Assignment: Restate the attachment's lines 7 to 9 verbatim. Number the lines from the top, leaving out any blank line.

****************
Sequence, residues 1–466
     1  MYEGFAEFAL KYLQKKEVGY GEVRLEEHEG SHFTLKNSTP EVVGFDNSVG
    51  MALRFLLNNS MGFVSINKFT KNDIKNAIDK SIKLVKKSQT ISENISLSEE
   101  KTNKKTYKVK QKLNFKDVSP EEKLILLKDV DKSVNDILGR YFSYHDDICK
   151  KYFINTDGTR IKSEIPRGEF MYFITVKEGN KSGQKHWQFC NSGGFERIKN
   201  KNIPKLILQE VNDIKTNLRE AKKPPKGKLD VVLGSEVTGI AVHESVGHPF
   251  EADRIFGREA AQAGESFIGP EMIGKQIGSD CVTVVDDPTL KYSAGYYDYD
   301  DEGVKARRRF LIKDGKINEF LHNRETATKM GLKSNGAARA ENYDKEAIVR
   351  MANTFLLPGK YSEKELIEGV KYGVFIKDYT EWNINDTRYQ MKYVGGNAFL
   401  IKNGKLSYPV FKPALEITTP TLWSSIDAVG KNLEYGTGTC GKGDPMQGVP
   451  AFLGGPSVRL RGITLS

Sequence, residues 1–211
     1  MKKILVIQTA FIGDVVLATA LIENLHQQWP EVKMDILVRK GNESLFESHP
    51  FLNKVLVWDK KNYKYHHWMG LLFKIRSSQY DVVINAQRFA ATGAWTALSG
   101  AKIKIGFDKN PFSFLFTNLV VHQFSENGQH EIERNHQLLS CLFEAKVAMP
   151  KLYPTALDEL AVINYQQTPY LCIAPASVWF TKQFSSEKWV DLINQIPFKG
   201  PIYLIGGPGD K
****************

   251  EADRIFGREA AQAGESFIGP EMIGKQIGSD CVTVVDDPTL KYSAGYYDYD
   301  DEGVKARRRF LIKDGKINEF LHNRETATKM GLKSNGAARA ENYDKEAIVR
   351  MANTFLLPGK YSEKELIEGV KYGVFIKDYT EWNINDTRYQ MKYVGGNAFL